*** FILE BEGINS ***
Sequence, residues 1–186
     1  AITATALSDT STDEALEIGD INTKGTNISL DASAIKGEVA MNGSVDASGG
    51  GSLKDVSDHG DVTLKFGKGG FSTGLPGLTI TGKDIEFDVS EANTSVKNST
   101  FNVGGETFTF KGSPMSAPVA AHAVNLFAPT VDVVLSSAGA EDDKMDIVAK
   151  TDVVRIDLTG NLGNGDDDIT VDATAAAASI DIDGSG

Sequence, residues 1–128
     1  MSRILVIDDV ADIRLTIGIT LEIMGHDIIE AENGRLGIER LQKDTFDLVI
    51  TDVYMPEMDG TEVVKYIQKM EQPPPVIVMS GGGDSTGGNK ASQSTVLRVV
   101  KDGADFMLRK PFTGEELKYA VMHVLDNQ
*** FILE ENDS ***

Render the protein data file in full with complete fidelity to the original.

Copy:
Sequence, residues 1–186
     1  AITATALSDT STDEALEIGD INTKGTNISL DASAIKGEVA MNGSVDASGG
    51  GSLKDVSDHG DVTLKFGKGG FSTGLPGLTI TGKDIEFDVS EANTSVKNST
   101  FNVGGETFTF KGSPMSAPVA AHAVNLFAPT VDVVLSSAGA EDDKMDIVAK
   151  TDVVRIDLTG NLGNGDDDIT VDATAAAASI DIDGSG

Sequence, residues 1–128
     1  MSRILVIDDV ADIRLTIGIT LEIMGHDIIE AENGRLGIER LQKDTFDLVI
    51  TDVYMPEMDG TEVVKYIQKM EQPPPVIVMS GGGDSTGGNK ASQSTVLRVV
   101  KDGADFMLRK PFTGEELKYA VMHVLDNQ